Though Federal law prohibits car dealers from selling vehicles with safety defects, no law exists to mandates used car dealers or even rental car companies to repair recalls before sale or service. The consumer groups are calling on the California states attorney and the Department of Motor Vehicles to mandate the repair of recalls before sale from used car dealerships.

Although CarMax may not currently be mandated to repair recalls on used vehicles, the consumer groups claim the company may still be in violation of certain California regulations, including “bait and switch” infractions and providing false and misleading information to customers. The groups claim that CarMax lures customers in with the promise of a car that is safe and reliable but is then switched to a defective unsafe vehicle. In addition, CarMax advertises that their vehicles are “certified” and run through a 125-point inspection to guarantee safety and quality, when in reality the consumer groups say some of the vehicles are “ticking time-bombs”.

One incident report the groups refers to in their petition occurred in Irvine, California, where a couple with children purchased a “CarMax Quality Certified” Dodge Ram 1500 from CarMax on May 19, 2015 because they wanted a safer vehicle to transport their children. After they purchased the truck they were informed by Chrysler that a safety recall had been in effect for over a year on that vehicle due to the drive shaft reportedly separating from the rear axle.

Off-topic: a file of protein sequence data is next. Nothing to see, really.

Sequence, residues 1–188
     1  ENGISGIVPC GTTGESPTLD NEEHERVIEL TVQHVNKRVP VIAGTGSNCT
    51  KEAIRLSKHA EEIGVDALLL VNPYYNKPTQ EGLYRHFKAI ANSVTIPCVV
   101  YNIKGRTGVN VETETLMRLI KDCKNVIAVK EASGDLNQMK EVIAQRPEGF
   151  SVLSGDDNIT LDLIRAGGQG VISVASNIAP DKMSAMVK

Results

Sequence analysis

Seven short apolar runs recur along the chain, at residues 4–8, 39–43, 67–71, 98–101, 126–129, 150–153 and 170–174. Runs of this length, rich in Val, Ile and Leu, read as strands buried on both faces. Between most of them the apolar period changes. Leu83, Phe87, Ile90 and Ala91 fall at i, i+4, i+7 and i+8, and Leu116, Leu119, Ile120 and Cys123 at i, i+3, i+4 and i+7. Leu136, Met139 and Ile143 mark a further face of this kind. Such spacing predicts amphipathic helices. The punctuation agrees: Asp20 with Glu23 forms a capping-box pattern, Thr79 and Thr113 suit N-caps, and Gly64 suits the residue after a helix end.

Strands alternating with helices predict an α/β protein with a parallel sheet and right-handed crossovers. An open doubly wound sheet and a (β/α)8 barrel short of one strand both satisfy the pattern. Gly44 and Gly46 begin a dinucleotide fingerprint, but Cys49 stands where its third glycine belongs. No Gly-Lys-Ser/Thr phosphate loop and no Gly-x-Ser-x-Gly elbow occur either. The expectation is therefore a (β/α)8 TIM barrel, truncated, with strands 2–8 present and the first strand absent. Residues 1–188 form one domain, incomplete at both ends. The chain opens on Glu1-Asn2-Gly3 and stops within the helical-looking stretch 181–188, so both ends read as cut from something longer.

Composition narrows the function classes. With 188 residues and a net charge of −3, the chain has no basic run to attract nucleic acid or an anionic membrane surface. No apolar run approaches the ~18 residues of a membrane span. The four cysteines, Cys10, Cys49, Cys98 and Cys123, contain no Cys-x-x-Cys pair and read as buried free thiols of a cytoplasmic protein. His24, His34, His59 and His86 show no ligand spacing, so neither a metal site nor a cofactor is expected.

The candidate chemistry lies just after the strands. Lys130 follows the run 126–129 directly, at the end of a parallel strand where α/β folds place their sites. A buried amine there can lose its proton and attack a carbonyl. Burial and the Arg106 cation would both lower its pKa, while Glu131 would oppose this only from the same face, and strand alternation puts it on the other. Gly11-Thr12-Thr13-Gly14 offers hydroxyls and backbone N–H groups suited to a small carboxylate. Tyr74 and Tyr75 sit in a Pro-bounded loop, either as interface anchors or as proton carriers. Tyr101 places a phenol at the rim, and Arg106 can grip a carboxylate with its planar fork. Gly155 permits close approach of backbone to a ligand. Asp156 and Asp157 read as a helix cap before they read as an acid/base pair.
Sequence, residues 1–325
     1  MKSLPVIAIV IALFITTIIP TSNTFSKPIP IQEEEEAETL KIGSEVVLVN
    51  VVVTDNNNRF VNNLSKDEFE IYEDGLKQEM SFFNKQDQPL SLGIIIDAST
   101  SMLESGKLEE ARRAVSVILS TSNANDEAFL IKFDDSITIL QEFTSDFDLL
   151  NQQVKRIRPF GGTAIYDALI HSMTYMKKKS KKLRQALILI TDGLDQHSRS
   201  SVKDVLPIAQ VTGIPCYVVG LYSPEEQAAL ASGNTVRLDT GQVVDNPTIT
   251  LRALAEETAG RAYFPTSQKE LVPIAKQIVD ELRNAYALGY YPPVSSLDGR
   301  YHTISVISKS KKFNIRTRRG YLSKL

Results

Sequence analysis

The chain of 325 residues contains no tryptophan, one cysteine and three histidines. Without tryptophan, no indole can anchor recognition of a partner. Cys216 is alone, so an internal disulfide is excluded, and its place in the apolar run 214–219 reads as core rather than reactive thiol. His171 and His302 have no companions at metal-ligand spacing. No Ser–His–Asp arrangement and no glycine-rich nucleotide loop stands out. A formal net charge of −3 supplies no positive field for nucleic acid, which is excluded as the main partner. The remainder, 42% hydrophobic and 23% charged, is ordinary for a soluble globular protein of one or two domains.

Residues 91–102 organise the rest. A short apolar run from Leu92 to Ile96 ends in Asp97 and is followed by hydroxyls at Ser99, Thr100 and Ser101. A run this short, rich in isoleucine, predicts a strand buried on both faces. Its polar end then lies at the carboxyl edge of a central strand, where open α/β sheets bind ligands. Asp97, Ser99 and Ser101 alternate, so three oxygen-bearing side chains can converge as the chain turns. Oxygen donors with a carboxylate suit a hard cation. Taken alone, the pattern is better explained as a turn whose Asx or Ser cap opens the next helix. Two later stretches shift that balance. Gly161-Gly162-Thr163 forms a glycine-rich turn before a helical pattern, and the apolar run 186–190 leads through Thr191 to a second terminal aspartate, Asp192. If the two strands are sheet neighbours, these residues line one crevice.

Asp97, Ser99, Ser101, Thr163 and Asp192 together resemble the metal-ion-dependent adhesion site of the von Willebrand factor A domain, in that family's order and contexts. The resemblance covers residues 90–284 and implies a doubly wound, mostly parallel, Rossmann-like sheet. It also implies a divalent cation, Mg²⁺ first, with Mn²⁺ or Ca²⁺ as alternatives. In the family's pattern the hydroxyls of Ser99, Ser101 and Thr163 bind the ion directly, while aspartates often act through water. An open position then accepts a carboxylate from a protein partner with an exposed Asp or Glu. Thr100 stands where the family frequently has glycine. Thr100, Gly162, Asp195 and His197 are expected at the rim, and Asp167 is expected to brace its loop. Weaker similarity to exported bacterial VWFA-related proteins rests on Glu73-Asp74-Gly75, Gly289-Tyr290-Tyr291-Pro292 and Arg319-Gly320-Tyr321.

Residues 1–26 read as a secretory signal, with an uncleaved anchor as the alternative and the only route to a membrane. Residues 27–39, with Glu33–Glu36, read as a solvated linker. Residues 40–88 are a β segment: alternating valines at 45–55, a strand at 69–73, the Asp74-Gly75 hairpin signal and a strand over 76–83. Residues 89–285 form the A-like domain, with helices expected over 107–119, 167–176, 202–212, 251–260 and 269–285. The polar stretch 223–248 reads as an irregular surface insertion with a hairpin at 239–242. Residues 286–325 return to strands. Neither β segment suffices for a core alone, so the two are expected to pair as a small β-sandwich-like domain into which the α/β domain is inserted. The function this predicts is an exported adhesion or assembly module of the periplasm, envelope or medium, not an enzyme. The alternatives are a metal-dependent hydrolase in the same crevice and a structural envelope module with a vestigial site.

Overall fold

When the couple tried to return the vehicle to CarMax, the dealer denied their claims and told them it was their problem now. Just 11 days after purchasing the vehicle, without warning, the drive shaft separated from the axle and the truck fell apart on the freeway and caught on fire. The couple and their 12 year old daughter barely escaped the vehicle before it burst into flames, which closed down the freeway for nearly four hours while first responders fought to put out the fire.

Despite the reports and the allegations, CarMax claims they are not authorized by automobile manufacturers to perform safety recall repairs. However, the consumer groups claim the company brought in $10 billion worth of revenue last year and could afford to have the vehicles serviced by certified dealers.

Currently, U.S. Transportation Secretary Anthony Foxx and National Highway Traffic Safety Administrator (NHTSA) Mark Rosekind are pressing for Congress to pass legislation that would prevent customers from receiving rental cars or used vehicles subject to safety recalls until they have been repaired.

The legislation would be included in an infrastructure bill known as the Grow America Act and would detail procedural rules for requiring the rental agencies and used car dealers to go about fixing the defects in the manner that new car dealerships follow currently.

The NHTSA is pressing for the legislation that would mandate used dealers and rental companies to follow similar protocols that a new car dealer would due to the recent influx in vehicle recalls.